they announced this past July.
When sales increases are harder to come by, operating in independent silos is just too expensive. If you want sales increases, you better put your best foot forward. “Fewer, bigger, better” is how Neil puts it.
Neil and his team have determined that Billabong is about “building powerful global brands.” They are going to divide all their brands into the big three (Billabong, Element and RVCA) and the other “emerging” brands. There will be specific strategies for each brand based on its potential and market position. It sound like there may be some brands among the emerging brands sold if they don’t see a strong competitive position and bright future for them.
They will differentiate brands partly by using “the creativity and uniqueness of the brand Founders” and will “focus on the authentic core youth consumer.”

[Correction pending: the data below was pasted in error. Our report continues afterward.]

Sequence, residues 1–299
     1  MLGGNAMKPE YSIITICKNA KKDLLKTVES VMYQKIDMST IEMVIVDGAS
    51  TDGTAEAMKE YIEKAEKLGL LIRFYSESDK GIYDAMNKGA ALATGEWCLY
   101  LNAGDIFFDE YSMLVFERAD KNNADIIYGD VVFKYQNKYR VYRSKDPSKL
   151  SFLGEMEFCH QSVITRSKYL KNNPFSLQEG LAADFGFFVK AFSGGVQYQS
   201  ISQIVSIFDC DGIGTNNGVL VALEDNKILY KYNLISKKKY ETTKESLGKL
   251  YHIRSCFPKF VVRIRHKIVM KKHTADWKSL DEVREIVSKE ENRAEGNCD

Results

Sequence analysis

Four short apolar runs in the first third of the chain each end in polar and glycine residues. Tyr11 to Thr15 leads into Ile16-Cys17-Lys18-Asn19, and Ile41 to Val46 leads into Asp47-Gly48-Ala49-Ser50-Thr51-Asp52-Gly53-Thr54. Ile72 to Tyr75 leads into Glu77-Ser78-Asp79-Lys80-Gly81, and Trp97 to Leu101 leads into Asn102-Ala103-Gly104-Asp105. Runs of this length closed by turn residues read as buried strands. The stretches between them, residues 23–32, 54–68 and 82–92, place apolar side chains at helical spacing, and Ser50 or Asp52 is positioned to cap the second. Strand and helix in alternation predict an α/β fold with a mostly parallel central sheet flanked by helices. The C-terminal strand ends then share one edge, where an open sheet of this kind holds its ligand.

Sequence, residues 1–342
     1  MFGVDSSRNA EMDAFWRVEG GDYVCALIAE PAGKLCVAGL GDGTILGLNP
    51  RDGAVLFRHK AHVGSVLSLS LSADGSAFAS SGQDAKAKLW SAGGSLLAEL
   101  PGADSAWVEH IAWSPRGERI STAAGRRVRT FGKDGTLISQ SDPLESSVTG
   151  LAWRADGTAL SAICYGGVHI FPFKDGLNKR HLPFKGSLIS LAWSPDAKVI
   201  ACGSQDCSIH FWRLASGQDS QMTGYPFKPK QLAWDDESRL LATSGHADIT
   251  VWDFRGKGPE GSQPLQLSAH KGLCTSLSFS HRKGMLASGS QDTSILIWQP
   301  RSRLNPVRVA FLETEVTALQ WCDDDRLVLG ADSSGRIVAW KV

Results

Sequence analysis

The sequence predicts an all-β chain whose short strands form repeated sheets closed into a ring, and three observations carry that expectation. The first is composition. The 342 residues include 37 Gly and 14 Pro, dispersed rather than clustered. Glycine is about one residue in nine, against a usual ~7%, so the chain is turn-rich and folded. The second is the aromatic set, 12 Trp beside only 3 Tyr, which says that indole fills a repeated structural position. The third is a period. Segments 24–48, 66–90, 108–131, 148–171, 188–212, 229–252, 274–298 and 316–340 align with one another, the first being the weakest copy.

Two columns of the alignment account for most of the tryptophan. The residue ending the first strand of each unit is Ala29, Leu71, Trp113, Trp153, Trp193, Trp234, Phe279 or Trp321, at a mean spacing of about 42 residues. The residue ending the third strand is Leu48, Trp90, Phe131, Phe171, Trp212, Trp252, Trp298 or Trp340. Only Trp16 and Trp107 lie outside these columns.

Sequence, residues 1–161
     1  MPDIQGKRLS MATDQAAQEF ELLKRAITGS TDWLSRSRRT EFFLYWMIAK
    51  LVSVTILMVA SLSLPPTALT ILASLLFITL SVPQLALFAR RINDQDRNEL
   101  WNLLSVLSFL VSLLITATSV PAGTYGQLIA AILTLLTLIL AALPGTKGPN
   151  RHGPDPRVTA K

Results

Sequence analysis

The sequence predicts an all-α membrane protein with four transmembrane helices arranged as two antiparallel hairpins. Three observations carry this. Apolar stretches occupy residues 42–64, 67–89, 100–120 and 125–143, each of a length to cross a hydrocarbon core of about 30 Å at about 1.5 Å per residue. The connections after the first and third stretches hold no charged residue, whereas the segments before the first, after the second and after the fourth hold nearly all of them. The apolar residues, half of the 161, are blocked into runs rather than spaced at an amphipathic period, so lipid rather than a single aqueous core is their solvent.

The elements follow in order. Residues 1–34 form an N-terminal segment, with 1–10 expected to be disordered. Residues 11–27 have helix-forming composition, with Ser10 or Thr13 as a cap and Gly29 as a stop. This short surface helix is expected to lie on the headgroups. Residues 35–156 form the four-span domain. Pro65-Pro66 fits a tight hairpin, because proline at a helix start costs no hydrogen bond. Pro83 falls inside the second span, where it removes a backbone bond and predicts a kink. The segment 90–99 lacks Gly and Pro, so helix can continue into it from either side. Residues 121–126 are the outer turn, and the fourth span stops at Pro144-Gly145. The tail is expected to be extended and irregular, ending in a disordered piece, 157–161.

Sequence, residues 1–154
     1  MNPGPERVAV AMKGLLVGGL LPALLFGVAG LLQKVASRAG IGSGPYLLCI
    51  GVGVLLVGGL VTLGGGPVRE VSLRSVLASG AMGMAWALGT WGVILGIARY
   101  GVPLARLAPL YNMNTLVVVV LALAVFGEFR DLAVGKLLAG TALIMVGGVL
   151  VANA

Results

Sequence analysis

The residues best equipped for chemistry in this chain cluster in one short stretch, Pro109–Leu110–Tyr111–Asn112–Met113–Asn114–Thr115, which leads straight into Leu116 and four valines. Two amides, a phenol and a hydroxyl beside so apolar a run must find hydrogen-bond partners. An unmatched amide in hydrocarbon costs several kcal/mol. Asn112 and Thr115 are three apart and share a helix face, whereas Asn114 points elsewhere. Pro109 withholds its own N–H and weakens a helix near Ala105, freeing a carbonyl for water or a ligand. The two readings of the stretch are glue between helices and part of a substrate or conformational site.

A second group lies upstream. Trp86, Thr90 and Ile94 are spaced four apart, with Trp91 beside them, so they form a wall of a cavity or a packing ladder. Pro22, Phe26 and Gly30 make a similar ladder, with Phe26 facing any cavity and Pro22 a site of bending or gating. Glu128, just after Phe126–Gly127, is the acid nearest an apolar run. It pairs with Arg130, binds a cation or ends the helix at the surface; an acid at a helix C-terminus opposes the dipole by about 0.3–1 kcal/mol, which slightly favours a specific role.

To me, that implies a certain period of retrenchment where they will “…push the uniqueness of each brand by fostering creative and cultural environments with distinctive brand DNA and vivid personalities.” I wonder (and I’ve said this before, oh, dozens of times at this point) if that focus is consistent with the requirements of being a public company. Where and how do they grow each brand, but retain its uniqueness- its competitive strength if you will. I guess they’re figuring that out.
As he moves on to talk about a product, Neil says we can expect at least a 25% reduction in the number of styles. He notes that Billabong “…lacks clear merchandising strategies. We have great design and terrific products. But we don’t have great merchandise planning, buying, allocating and inventory management.” Obviously, there are some systems issues there that need to be addressed. It will be made easier both by simplifying the organization and cutting the number of styles.
What was most interesting in the discussion of marketing was that Billabong had tended to fund each brand at the same level (by which I think they mean a similar percentage of sales). They are changing that and will put more resources towards brands where they think they can get a better return. Imagine that.